Red Cross/ Red Crescent Climate Centre

NL-supported steps toward resilience in Ethiopia’s Somali Region


(This report is now being published on partner websites; it was posted on the Climate Centre site today, along with links to an animation illustrating how seasonal conferences on weather and climate help a range of professionals like farmers, doctors and humanitarian responders make better decisions.)

A detailed report compiled by the Netherlands Red Cross (NLRC) and first made public earlier this month says the three-and-half-year Protracted Crisis Programme for Ethiopia’s Somali Region that concluded recently reached nearly 38,500 people with food security initiatives.

The report – A step toward resilience: addressing long-running crisis in Ethiopia’s Somali Region – adds that 33,150 other people, 42 per cent of them women, benefited from its work on water security.

When activities such as livelihoods for young people, natural resources, other water-related projects, and disaster risk reduction (DRR) measures are fully implemented, the number of beneficiaries will exceed the target of 50,000 people in the woredas of Gursum, Jigjiga and Tuli-Guleid, a foreword to the report says.

The Protracted Crisis Programme was a DRR-centred partnership between the Ethiopian Red Cross Society (ERCS), the NLRC, the Climate Centre and Wetlands International, supported by the Netherlands Ministry of Foreign Affairs.

Taking some of its inspiration from the integrated approach behind Partners for Resilience (PfR), also active in Ethiopia, its overall objective was to “improve [the] food security, livelihoods, water security and adaptive capacity” of communities that were themselves the “drivers of the entire planning and implementation process,” according to A step toward resilience.

‘Contingency planning’

The report itemizes the project’s achievements in its three main areas.

Project communities received a variety of agricultural inputs like early-maturing seeds and cassava cuttings, modern beehives and related accessories, rainwater harvesting and farm ponds, and veterinary kits to treat animals; activities in the general area of food security included income-generating activity and – especially for vulnerable women – self-help groups, milk storage and pasteurization, and drought-tolerant maize, cassava and onion.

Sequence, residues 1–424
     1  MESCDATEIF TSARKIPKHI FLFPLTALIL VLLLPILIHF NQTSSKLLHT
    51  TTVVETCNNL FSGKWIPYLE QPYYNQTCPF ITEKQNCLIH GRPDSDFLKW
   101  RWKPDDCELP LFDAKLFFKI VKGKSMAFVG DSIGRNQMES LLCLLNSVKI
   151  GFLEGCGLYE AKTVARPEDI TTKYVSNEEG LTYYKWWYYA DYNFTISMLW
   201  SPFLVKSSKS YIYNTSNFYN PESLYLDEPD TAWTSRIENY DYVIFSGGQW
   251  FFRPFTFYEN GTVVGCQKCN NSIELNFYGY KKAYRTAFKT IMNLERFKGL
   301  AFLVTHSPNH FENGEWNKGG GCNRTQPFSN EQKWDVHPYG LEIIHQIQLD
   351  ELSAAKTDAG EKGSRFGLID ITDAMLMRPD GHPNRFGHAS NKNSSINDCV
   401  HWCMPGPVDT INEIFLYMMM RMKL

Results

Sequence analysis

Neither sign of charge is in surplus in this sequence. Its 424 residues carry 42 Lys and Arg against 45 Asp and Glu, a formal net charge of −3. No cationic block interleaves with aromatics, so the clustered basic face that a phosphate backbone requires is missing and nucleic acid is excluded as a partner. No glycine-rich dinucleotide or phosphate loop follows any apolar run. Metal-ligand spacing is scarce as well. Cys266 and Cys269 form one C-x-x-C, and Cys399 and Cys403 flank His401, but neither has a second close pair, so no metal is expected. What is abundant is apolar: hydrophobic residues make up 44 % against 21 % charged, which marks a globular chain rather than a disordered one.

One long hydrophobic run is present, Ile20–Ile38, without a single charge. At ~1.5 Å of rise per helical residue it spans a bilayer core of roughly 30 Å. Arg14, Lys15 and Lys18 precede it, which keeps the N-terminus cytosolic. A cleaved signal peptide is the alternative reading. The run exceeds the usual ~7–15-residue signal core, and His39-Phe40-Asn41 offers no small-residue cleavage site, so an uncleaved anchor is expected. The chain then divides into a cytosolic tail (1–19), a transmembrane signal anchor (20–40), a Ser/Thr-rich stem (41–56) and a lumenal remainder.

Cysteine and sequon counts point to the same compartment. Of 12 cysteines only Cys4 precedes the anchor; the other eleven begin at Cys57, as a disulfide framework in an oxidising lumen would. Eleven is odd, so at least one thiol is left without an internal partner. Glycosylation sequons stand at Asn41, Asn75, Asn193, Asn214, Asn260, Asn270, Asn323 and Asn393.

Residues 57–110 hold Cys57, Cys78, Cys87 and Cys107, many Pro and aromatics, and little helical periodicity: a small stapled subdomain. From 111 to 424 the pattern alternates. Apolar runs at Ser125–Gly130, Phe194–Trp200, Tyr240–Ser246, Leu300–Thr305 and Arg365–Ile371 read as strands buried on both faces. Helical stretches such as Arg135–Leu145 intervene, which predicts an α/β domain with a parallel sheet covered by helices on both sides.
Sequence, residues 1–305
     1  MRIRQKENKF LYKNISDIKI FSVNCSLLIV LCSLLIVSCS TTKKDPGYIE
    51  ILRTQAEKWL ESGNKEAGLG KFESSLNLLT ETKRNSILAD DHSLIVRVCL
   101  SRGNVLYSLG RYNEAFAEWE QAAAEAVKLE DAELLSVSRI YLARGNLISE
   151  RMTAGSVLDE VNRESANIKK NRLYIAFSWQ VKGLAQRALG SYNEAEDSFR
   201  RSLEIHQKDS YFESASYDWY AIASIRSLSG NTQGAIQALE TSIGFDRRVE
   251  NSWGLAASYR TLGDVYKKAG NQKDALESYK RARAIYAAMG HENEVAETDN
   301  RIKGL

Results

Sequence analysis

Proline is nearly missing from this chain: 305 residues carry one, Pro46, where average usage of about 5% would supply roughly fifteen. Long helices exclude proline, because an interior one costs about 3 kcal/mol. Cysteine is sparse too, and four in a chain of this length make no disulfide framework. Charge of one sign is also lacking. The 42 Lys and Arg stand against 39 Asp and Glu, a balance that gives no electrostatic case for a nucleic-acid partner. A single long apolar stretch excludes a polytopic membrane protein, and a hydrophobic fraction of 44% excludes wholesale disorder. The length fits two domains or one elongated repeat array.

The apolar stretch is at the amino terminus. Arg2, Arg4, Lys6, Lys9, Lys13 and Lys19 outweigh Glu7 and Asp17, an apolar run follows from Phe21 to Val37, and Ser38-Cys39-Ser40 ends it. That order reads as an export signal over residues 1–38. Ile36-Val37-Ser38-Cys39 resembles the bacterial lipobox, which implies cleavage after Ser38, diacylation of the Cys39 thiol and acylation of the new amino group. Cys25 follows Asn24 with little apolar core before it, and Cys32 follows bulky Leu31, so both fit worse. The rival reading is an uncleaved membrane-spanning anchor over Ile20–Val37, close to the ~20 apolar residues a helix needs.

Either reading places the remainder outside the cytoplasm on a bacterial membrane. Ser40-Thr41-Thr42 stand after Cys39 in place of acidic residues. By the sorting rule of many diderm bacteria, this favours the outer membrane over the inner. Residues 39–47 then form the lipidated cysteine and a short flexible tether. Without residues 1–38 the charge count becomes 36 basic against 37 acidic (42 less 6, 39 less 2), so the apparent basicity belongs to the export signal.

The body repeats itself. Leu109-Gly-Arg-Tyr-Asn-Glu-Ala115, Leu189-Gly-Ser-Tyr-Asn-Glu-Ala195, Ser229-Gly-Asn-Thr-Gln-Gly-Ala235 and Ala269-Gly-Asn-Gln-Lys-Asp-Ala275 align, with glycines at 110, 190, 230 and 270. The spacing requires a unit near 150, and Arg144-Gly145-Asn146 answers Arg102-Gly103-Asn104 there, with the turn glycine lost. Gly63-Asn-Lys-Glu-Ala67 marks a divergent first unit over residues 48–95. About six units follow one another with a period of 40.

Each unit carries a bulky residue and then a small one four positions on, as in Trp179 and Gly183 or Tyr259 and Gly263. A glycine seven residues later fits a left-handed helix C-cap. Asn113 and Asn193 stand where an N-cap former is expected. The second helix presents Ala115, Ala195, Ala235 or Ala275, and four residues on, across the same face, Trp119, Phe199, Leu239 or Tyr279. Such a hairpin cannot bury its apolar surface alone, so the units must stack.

Water-security goals, secondly, were “largely met through the development of water facilities and establishing and enhancing the capacity of water management committees…a key element of sustainable use of water structures,” the new report says.

Climate Centre involvement in the programme, thirdly, centred on risk reduction for the most common climate-related hazards in the region: drought and (see below) flood.

“The main outputs contributing to this outcome included…strengthening contingency planning and early warning systems,” A step toward resilience adds.


Lessons learned from the lethal flash floods in the Somali Region capital Jijiga in April 2016 form an important element of the DRR section in the new report, writes the Climate Centre’s Fleur Monasso, who was in Ethiopia that year.

The seasonal River Jerer, which passes just west of Jijiga’s built-up area, rose suddenly and burst its banks, claiming more than 20 lives. ERCS volunteers (photo) quickly distributed food and other relief to 200 affected households.

The heavy rain in the highlands upstream had been forecast but the danger implied was not immediately obvious. Within days of the Jijiga disaster, however, and with the flash flood in mind, the ERCS convened a workshop in Addis Ababa for regional- and woreda-level personnel from the Disaster Prevention and Preparedness Office (DPPO), meteorologists and Red Cross disaster managers. On the agenda were internal communications, annual seasonal conferences, the presentation of warnings and alerts, and inter-agency coordination.

That meeting bore fruit just a day later when a highland village in the River Shebelle area of Somali Region was successfully evacuated by the DPPO with no casualties after the National Meteorology Agency (NMA) issued a flood warning.

All agreed that the whole episode underscored to the need to ensure effective, proactive mechanisms exist for warnings to trigger action.

‘Seasonal conferences’

Collaboration in Ethiopia’s national- and regional-level seasonal conferences remains an important area of work after the programme. PfR will continue to engage with the government and the NMA to connect climate information and early action.

Up to three times a year the conferences bring together experts from the NMA as well as health, education, water, livestock and agriculture officials, and others from the Productive Safety Net Programme and the National Disaster Management Commission.

Through advisories via government channels they connect climate information to those whose livelihoods are at least in part shaped by changes in rainfall or temperature.

Through the Protracted Crisis Programme, the partners developed an animation to explain the value of seasonal conferences like the belg (rains) conference hosted by the Amhara regional government last week.


“We work closely together now,” said Tayib Muhummed, ERCS Somali Region Branch Secretary, referring to improved cooperation among a chain of actors to operationalize early warning early action locally.

Information disseminated at seasonal conferences, for example, “is used as early warning but can also be used at community level for the cropping season,” he added.

A step toward resilience says the programme “created linkages between businesses, farmers, herders, town-dwellers, and the local government to identify what early action is to be taken and when.”

ERCS volunteers prepare to distribute humanitarian relief in Jijiga in 2016, where a flash flood took people by surprise. (Library photo: ERCS)